The food catastrophe in Zimbabwe continues to worsen. Almost seven-million Zimbabweans, half the population, are in danger of starvation in the coming weeks and months. This results directly from the policies and actions of the government of Robert Mugabe. Through its violent and often unlawful campaign of land seizures, it has largely destroyed Zimbabwe's once-dynamic agricultural sector.
Much of the farmland has been redistributed to ruling party supporters who lack both the will and the resources to keep the land productive. Over one and a half million Zimbabweans who worked and lived on these farms have been forced to abandon their homes, livelihoods, and hopes for the future. The destruction of the commercial farming sector in Zimbabwe has exacerbated the broader humanitarian crisis arising from drought, H-I-V/AIDS, and ill-advised economic policies.
The effects of food shortages are already apparent. Those weakened by the H-I-V virus and food shortages are already growing too weak to tend to themselves or their families. Throughout Zimbabwe, once-productive citizens now spend their days looking for food and waiting in lines to buy increasingly scarce staples. Underfed children fall asleep in school or drop out altogether to search for food. The food crisis is decimating Zimbabwe's capacity to reclaim a stable and prosperous future for its people.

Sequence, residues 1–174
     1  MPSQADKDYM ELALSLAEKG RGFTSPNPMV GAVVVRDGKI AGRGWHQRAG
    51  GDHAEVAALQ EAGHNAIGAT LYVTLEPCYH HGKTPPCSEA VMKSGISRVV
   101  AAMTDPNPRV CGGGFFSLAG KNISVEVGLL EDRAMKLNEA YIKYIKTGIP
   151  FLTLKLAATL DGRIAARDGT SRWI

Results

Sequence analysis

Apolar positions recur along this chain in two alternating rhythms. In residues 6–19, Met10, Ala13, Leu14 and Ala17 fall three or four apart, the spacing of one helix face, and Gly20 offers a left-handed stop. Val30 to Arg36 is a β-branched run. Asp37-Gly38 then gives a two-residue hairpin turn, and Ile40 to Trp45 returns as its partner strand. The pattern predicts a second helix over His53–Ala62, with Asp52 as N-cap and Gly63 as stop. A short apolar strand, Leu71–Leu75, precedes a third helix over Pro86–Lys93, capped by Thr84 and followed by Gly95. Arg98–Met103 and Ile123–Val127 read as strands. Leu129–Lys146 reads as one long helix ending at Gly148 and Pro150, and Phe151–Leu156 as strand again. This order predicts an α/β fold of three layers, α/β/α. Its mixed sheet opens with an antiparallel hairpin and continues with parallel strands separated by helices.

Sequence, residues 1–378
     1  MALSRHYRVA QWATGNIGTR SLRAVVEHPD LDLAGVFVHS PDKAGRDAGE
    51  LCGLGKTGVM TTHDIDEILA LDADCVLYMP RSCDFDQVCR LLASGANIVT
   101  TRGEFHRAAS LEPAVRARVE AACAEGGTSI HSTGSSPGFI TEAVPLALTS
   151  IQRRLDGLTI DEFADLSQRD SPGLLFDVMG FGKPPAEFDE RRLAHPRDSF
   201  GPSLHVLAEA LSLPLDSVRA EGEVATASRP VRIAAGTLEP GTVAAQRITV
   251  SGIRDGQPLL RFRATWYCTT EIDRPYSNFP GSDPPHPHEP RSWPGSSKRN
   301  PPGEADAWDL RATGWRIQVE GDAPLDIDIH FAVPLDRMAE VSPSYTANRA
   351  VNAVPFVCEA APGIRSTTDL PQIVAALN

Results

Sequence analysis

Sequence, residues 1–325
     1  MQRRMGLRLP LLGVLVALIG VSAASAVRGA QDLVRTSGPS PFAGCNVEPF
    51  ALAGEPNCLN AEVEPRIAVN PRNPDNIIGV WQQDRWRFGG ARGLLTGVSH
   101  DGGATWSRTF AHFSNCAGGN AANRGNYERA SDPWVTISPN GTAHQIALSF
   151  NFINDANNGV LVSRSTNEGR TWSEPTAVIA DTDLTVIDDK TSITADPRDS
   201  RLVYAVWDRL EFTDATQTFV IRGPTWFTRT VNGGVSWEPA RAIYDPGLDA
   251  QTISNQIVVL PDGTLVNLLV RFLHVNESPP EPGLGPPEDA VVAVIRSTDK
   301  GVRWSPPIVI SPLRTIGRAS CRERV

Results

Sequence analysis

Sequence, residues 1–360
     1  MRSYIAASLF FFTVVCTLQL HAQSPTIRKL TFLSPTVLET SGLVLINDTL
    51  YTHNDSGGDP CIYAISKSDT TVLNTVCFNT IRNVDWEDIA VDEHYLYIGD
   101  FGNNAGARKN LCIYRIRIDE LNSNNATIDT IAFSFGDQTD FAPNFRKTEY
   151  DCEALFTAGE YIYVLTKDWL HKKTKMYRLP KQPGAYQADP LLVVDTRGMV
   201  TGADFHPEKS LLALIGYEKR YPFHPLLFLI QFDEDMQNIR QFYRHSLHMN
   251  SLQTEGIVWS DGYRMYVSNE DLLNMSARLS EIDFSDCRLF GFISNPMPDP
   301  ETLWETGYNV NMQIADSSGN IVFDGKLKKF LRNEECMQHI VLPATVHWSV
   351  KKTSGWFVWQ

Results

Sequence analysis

Making matters worse, the Mugabe regime continues to manipulate the availability of food to achieve cynical political ends. In some areas, Zimbabweans are forced to show that they are supporters of Mugabe's Zanu-PF party before being allowed to purchase food. A Danish group, Physicians for Human Rights, has verified numerous reports that the Mugabe government is deliberately withholding food from opposition supporters, interfering with the distribution of international aid, and prolonging the grain shortage to protect its hold on power.
Despite grave concerns over the actions of the Mugabe government, the United States will continue to provide assistance to the Zimbabwean people. The U.S. has sent over two-hundred-thousand metric tons of food to date and has provided almost three-million dollars in humanitarian assistance. But these efforts will not be enough if the Mugabe government continues its destructive policies.
The U.S. once again calls on the government of Robert Mugabe to halt its assault on the people and democratic institutions of Zimbabwe and appeals to regional leaders to hold the government responsible for respecting the human rights and civil liberties of the Zimbabwean people.